Juan Pedro Vallejo gives us an introduction to Pure visibility and Neocinetic art
Light. Movement. Instability. #purevisibility #neocinetic #art
Once upon a time in September of 2021, I was scrolling Twitter, when I had to completely stop and admire a tweet from fellow collector and friend, Antonio Marinara (@Toni_Marinara), “Resident Wise Guy”. He had just successfully acquired #001 from the VISIBILITY ACCUMULATION collection, by Argentinian artist Juan Pedro Vallejo (@juanpvallejo). This collection was entirely created in his Fragma app, which we will discuss more about later. Another phenomenal series of generative works is the FAKE SPECTRUM series where Juan looks to generate colors that do not exist in the image. Mind-blowing to say the least.
Juan is such an exceptional artist and I’ve been following him and his work ever since.
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When did you discover yourself as an artist?
If I think about my history, I think there was a time when I was 10 years old that my dad taught me Adobe Flash on Sundays. We spent the morning listening to Pink Floyd and cheering things up… I think that was decisive, on an unconscious level. Years later he taught me very basic programming things that he had forgotten. And then I started programming. In my adolescence I was interested in music, I studied piano for several years as well as cinema at university. Today I consider myself a plastic/visual artist. It can be said that most of my life I was interested in art. I really don't know why.
What got you into NFTs?
It was definitely Dmitri's “Ringers”… I followed his work on instagram long before the NFT days. We even exchanged messages on several occasions, something that I find fascinating, that predisposition that artists sometimes have to be open to talking to people from all over the world. When I saw “Ringers” and discovered Art Blocks I immediately knew I wanted to be there. What they are doing is really amazing and historic. Then I saw several collections that fascinated me, such as “Apparitions” by Aaron Penne, “Trossets” by Anna Carreras, “Loom” by Anna Lucia. I spent the last 6 months putting together my project (slow work I think) and in the meantime I published some works on Foundation, which allowed me to earn some money to pay off debts. It was really great to meet so many people who value your work, until that moment I didn't know what it felt like.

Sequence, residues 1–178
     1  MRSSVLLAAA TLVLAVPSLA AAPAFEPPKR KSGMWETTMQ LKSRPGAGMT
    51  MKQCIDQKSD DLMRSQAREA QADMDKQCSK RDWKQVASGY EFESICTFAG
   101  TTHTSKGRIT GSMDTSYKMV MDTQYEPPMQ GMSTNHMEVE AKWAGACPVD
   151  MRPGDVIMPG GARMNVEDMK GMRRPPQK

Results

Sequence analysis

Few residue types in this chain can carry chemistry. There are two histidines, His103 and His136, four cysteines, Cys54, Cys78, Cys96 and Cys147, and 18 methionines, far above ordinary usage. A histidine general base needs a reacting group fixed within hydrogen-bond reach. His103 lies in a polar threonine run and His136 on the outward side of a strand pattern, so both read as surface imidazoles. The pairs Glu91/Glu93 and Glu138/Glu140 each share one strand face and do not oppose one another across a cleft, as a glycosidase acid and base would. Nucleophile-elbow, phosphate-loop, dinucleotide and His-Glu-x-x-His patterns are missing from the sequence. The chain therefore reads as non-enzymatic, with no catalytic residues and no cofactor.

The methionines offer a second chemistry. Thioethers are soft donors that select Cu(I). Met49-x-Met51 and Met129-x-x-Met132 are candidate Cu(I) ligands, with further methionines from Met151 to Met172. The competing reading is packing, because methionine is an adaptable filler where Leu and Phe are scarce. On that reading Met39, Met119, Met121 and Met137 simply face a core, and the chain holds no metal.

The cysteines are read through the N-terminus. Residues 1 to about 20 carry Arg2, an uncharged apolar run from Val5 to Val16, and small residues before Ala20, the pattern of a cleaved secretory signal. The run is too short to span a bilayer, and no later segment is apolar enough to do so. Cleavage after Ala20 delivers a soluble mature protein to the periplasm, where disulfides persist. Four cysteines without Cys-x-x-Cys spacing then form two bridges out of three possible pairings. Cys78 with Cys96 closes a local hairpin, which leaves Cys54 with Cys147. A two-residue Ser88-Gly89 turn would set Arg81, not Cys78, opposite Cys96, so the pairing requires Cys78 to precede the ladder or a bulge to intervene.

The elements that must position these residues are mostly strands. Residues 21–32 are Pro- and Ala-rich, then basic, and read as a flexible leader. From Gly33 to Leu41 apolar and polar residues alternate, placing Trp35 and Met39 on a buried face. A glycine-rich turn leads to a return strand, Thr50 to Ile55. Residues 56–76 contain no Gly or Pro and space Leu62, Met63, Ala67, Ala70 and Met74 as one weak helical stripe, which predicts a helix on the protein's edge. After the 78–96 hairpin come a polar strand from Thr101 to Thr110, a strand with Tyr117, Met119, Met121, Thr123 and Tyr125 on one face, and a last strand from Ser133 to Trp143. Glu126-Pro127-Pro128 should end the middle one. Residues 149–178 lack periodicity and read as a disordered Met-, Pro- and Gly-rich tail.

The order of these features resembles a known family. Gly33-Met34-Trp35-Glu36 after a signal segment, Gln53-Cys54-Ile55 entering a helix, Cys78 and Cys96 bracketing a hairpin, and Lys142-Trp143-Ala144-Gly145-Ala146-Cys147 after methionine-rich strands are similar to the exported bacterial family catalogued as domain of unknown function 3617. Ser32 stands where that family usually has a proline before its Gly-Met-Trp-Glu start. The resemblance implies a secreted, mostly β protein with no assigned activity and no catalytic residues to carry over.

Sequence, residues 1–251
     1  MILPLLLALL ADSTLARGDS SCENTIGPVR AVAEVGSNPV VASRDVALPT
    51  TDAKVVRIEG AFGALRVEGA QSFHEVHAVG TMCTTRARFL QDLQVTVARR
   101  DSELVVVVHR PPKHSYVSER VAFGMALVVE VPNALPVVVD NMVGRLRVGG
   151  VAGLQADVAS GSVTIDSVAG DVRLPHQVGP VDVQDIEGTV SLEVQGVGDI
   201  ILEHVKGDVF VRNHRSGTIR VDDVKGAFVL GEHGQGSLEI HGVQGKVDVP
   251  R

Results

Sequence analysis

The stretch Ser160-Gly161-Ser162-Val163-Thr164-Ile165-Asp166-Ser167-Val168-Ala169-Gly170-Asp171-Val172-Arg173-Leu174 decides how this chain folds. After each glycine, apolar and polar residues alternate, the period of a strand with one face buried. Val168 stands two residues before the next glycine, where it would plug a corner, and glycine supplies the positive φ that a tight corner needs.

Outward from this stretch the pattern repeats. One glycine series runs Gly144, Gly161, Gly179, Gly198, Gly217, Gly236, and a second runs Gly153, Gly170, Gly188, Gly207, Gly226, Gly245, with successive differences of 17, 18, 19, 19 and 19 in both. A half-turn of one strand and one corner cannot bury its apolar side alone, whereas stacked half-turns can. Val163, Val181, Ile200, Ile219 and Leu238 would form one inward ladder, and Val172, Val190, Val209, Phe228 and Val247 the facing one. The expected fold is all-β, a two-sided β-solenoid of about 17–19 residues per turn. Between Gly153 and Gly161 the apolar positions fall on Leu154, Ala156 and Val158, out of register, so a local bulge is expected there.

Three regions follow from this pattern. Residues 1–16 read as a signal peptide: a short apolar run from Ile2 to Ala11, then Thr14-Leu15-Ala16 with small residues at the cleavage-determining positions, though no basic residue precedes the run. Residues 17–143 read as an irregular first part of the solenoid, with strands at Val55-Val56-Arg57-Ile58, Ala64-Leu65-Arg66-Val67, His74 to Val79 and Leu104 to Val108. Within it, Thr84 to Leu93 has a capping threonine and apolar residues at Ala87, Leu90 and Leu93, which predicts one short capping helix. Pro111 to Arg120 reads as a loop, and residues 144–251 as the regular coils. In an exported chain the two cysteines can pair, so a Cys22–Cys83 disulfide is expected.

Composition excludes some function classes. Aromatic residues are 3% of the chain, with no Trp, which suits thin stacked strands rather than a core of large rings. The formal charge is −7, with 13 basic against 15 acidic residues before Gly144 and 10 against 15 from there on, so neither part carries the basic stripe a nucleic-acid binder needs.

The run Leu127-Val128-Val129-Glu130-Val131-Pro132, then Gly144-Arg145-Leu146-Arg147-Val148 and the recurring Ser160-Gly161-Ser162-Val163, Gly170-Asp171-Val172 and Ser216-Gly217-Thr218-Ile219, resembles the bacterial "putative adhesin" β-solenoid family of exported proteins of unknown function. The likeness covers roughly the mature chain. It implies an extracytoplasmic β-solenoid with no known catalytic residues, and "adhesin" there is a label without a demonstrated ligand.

You use the terms “Pure Visibility” and “Neo Cinetic” to refer to your art. Can you explain what these terms mean in general (for those who don’t know) and what they mean to you in relation to your art?
Pure visibility are two words that I put together to express a departure from the idea that a meaning has to prevail in art. It is a counter response to explanation, be it academic or critical of any kind. What matters is what is visible. The work is what is there, in front of your eyes. It is closely related to the field of art that I am interested in participating in, which is kinetic art.
The kinetics sought to generate visual situations where the experience is more important than the interpretation, moving away from the meanings and downplaying the figure of the author in the generation of the work. That connects it with generative art, where the artist programs and generates certain rules, as if they were a field of possibilities, a playground, a space of possible relationships... This frames the works within an aesthetic category that I like a lot, which is the "open work".
Neokineticism is a concept coined by an Argentine author, Elena Oliveras, to designate a contemporary continuity with the kinetic production of the previous century. For me, it's about bringing those two fields together; the field of kinetic art and the field of generative art.
The first collection I ever saw of yours was VISIBILITY ACCUMULATION on Foundation. The description is “Multiple energies looking for their place in pictoric space.” Can you explain this piece and its associating collection in further detail? What does it mean to you?
Visibility accumulation was a collection that I was making at the time I was making the INTERFERENCES collection (coming soon). As the description says, it was about ordering the elements in the shot a little, playing with the compositions and looking for dynamism and movement. This collection has a limit of 10 pieces, of which only 6 have been minted so far.